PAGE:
How To Manage Telecommuters

Knowing how manage telecommuters is paramount to your out-of-office experience being successful. Find out how with another great ComCenter blog post
Before your business jumps ship on the traditional office, set up a management strategy for telecommuters. It could be the step that makes or breaks your out-of-office experience.

Be Clear With Your Expectations

(Put them in writing)

Telecommuters don’t have you there to ask questions of and they aren’t nearly as likely to pick up the phone and call you (no one wants to be a bother). After all, it’s not like they can just walk to your office door. Because of this, you need to make sure these, now autonomous, workers are well informed of expectations beforehand.

Key Expectations to Clarify

  • What you expect
  • How you expect it
  • When you expect it
  • What you plan to do for revisions
Team Check-Ins, Make Them Frequent

Because you are remote from your team, be sure to use instant messaging, video chat, telephone calls or some other form of communication and do it frequently. For instance, check in every other day with a new team member and maybe once a week with an established member who knows what he or she is supposed to do.

Always Address Problems Swiftly!!

This one really does deserve a double exclamation point. Small problems are huge to a teleworker and can stall them for hours waiting on a response from you. Contract workers may not be paid unless you like what they have done, so when they encounter a problem and ask for your assistance, it is a must that you respond promptly.

Consider Early Completion Rewards

While this isn’t a common practice, it does motivate a worker to complete the project more quickly than they would have otherwise and that’s good for your business.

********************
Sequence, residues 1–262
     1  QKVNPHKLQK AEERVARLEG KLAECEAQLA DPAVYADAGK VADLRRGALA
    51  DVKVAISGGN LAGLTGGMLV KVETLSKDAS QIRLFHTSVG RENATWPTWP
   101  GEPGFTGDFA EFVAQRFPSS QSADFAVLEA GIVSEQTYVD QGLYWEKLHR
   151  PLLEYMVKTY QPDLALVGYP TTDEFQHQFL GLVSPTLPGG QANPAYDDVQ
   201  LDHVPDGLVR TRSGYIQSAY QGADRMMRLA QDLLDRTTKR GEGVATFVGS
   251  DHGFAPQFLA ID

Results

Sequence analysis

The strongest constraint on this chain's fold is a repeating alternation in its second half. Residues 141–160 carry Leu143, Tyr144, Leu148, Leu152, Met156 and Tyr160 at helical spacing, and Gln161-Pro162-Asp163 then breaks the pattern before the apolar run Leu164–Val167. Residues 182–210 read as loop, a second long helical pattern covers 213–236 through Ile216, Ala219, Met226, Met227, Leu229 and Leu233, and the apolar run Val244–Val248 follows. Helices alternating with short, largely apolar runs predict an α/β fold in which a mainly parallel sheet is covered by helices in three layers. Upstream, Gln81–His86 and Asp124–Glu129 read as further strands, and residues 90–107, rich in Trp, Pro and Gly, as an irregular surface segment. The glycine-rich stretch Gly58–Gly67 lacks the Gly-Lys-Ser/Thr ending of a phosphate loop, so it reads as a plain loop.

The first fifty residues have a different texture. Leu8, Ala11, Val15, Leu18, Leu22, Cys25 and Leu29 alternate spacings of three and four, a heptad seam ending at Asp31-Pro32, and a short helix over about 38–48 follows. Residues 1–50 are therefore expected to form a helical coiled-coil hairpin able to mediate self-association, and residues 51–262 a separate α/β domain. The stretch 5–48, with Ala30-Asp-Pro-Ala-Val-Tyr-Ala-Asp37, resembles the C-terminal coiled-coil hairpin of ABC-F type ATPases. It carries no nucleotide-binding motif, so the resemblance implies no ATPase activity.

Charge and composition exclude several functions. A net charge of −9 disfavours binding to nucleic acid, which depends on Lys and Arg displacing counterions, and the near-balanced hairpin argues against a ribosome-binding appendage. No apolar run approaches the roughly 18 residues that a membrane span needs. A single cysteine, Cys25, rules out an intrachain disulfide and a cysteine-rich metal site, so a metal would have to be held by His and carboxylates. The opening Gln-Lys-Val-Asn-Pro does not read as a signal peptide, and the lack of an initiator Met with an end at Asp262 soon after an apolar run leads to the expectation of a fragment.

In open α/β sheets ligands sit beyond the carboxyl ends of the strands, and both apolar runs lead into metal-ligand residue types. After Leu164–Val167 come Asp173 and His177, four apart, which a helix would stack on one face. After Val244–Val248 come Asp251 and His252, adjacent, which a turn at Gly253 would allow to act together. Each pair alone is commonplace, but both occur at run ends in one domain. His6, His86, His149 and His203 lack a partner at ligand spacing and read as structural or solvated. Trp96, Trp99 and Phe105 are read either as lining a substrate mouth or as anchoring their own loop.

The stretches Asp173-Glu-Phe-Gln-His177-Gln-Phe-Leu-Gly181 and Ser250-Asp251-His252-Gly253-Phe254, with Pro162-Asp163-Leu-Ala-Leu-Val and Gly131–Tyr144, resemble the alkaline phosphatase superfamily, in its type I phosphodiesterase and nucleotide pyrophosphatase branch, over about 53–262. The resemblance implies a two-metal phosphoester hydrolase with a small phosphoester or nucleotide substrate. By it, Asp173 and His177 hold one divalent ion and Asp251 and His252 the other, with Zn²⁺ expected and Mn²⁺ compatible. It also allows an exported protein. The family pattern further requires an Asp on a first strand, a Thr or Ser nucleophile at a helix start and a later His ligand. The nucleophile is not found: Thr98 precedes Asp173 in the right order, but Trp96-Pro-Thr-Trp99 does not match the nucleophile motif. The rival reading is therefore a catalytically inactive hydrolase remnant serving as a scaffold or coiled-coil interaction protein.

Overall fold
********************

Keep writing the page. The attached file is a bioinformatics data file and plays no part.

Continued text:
Use Some Form of Metrics to Track Productivity

Many office staffs use Key Performance Indicators (often called KPIs) but if you’re unfamiliar with the term, just call them employee report cards. Basically they measure what your employee has done, the quality of it and your experience with the employee. However you decide to set it up, make sure you have it.

In Person Team Meetings

This is a major factor in all virtual businesses today. Getting everyone together is an important step in making employees feel a part of something. No one wants to be left alone all the time and only report to their computer.

Even once a year (especially if you’re a widespread team) goes a long way towards fostering camaraderie, which will spill over into the next email exchange. That’s important since emails are notorious for misunderstanding the tone of the sender.

Essentially, managing telecommuters is identical to managing in-house employees; the only difference is the means of communication.

And, sometimes you get to do it while wearing your pajamas with tousled hair and a fresh cup of coffee in your favorite weekend mug, but it’s Monday. I think I feel a smile coming on…

Join us on Facebook and feel free to comment. We’d love to hear about your experience or discuss your concerns relating to virtual offices and telecommuting. It’s an ever-changing spectrum and we all stand to gain from the dialogue.

Thanks for reading!
This post was based on articles at BNET.com and Gigaom.com.